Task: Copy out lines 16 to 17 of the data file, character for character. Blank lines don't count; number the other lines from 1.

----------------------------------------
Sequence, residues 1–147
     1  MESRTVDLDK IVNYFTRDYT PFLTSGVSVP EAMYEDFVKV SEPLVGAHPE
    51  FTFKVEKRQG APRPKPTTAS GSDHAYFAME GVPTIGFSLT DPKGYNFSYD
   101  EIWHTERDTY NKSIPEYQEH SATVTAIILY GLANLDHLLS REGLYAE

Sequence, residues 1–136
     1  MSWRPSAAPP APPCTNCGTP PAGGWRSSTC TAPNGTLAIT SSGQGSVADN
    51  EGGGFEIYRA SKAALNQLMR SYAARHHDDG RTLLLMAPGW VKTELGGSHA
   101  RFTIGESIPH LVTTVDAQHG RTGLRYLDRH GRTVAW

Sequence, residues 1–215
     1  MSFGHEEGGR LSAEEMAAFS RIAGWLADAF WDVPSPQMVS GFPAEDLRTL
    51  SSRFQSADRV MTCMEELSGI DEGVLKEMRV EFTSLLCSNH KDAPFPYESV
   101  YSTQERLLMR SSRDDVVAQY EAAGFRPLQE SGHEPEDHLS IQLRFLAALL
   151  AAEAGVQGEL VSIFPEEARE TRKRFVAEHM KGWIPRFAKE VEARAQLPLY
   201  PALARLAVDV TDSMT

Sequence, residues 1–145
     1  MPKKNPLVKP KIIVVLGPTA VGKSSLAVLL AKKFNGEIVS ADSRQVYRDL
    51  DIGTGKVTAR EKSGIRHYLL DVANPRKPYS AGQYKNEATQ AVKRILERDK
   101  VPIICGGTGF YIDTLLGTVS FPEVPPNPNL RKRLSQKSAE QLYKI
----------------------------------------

     1  MPKKNPLVKP KIIVVLGPTA VGKSSLAVLL AKKFNGEIVS ADSRQVYRDL
    51  DIGTGKVTAR EKSGIRHYLL DVANPRKPYS AGQYKNEATQ AVKRILERDK